Top positive review
Husband. Father. Pilot. Mechanical Genius. Hero.
Reviewed in the United States on November 6, 2016
To win a war, especially a war of the magnitude of World War II, it takes soldiers who are absolutely driven to defeat the enemy, as well as tactics and innovative weapons which help those soldiers get the job done. During World War II, the United States had such a soldier: Paul I. "Pappy" Gunn.
Pappy had served in the U.S. Navy for several years before retiring and moving his family to the Philippines and becoming a founding member of Philippine Air Lines. Along the way, he learned how to fly and how to fix almost anything that flew. When the Japanese attacked the Philippines in December, 1941, he was made a part of the USAAF and assigned a wide variety of missions around the islands: flying supplies to various places, moving personnel to and fro, attacking the Japanese when possible with the meager forces at hand, and keeping the tiny amount of aircraft available to him flightworthy. It was during one such mission where he ended up in Australia and the Japanese closed off his chances to return to the Philippines and rescue his family. As it turned out, this was to have a far-reaching impact on the way the war progressed in the Pacific.
Since he couldn't rescue his family, Pappy became a man possessed with the idea of defeating the Japanese as soon as possible. To this end, he waged a maverick war on his own: stealing supplies at gunpoint, "acquiring" planes which were slated for other places and making modifications which weren't approved by a higher authority. Eventually he caught the eye a few like-minded individuals and began converting existing bombers into gunships which would devastate anything in their path. One of these individuals was General George Kenney, the new commander of the 5th Air Force. An innovator himself, he and Pappy were kindred spirits who worked in cooperation to make the 5th AF a more potent and feared fighting force. The fruits of their labors were on full display in early 1943 when a convoy of Japanese ships attempting to land reinforcements in New Guinea was annihilated by the new gunships which Pappy helped create. From then on, the Japanese remained firmly on the defensive and never gained the upper hand in the Southwest Pacific.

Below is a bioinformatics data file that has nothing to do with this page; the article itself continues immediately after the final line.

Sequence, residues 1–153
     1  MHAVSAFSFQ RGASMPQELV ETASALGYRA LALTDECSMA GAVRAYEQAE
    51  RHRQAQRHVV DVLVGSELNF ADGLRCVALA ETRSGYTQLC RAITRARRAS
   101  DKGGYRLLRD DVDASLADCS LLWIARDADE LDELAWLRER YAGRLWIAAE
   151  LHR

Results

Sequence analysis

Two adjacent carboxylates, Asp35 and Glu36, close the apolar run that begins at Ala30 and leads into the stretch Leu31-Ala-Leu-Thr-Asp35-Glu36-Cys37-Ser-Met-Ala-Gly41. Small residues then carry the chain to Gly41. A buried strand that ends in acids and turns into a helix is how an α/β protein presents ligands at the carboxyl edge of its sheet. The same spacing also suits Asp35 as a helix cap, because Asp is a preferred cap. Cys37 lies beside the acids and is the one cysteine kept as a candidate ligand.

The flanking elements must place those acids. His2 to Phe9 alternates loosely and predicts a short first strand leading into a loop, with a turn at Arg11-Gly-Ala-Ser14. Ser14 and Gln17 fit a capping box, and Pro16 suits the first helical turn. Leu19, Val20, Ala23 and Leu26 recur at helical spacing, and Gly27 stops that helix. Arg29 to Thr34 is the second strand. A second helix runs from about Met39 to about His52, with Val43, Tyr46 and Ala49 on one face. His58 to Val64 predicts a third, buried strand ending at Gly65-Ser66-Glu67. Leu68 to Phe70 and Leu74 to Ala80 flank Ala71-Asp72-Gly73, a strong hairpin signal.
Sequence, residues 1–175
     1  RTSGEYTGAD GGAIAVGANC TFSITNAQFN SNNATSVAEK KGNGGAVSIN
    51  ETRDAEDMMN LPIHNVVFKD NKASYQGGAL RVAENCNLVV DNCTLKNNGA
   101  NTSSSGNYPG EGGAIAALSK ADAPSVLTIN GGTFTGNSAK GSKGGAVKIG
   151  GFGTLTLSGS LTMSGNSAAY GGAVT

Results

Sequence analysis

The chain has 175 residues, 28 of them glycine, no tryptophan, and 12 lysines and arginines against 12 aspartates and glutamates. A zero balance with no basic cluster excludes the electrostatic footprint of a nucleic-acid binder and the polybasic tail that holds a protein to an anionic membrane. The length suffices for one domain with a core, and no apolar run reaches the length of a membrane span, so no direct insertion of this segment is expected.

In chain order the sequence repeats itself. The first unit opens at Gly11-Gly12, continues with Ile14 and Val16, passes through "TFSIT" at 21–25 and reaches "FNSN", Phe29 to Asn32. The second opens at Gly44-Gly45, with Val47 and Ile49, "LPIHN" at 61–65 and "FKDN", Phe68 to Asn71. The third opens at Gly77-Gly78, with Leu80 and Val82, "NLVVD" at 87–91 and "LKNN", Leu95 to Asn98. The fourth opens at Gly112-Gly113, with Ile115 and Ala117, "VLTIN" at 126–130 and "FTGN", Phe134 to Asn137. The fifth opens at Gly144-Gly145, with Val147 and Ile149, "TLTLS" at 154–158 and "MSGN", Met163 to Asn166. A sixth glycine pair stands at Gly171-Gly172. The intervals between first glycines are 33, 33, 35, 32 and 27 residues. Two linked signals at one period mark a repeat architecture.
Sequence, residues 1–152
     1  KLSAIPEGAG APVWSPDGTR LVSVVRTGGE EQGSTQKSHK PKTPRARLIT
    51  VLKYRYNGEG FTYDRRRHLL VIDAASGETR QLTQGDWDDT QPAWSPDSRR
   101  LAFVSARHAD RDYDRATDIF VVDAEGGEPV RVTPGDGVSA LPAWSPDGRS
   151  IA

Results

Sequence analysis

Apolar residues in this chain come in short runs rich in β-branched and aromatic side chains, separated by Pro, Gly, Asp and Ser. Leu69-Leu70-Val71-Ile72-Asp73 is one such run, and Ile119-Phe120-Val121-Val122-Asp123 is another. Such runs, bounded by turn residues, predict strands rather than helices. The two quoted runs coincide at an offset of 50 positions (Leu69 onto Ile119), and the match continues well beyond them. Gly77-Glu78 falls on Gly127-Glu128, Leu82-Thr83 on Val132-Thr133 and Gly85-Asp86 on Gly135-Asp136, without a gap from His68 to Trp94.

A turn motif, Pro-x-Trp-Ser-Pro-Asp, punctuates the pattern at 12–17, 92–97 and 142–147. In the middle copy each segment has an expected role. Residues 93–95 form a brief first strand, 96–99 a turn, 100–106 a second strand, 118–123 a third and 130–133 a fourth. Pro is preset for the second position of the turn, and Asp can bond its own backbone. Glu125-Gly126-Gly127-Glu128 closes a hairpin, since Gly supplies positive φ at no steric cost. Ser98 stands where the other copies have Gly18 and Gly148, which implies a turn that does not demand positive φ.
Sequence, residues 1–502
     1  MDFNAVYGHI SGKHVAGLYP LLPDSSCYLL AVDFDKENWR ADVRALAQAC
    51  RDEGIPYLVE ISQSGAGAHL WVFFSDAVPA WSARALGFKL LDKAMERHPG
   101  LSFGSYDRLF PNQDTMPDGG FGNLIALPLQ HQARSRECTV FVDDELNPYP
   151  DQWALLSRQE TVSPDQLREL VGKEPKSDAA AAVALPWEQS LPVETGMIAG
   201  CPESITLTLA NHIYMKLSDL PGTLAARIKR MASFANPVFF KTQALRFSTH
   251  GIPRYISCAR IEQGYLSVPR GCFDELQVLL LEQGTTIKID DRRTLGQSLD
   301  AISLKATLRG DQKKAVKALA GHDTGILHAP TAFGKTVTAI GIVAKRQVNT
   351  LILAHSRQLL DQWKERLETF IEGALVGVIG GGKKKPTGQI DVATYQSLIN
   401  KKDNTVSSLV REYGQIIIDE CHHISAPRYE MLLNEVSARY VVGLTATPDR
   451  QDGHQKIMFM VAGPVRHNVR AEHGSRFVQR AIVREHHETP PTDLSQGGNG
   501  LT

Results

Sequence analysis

But this book isn't just about Pappy and his battles against the Japanese. He was an extremely devoted, loving husband and family man to his wife and four children. Leaving them behind in Manila when the Japanese invaded caused him untold mental anguish and provided the maniacal drive to defeat the Japanese. His family ended up being held prisoner in Santo Tomas, a university in Manila which was converted into a prison. Lack of food, diseases, cruel Japanese guards and untrustworthy fellow inmates provided a never-ending stream of obstacles to survival for the Gunn family. While they didn't know what had happened to Pappy, they always held out hope he would arrive to rescue them.
This book reads like a novel at times and some of the stories about Pappy's exploits are acknowledged as being unconfirmed, but that doesn't stop the flow of the narrative. John Bruning has woven a fantastic story together from a multitude of sources, one which is inspirational, entertaining and educational as well. I've read dozens of books on the 5th AF and the air combat over the Pacific, and I learned a few things from this book. A welcome addition to my library!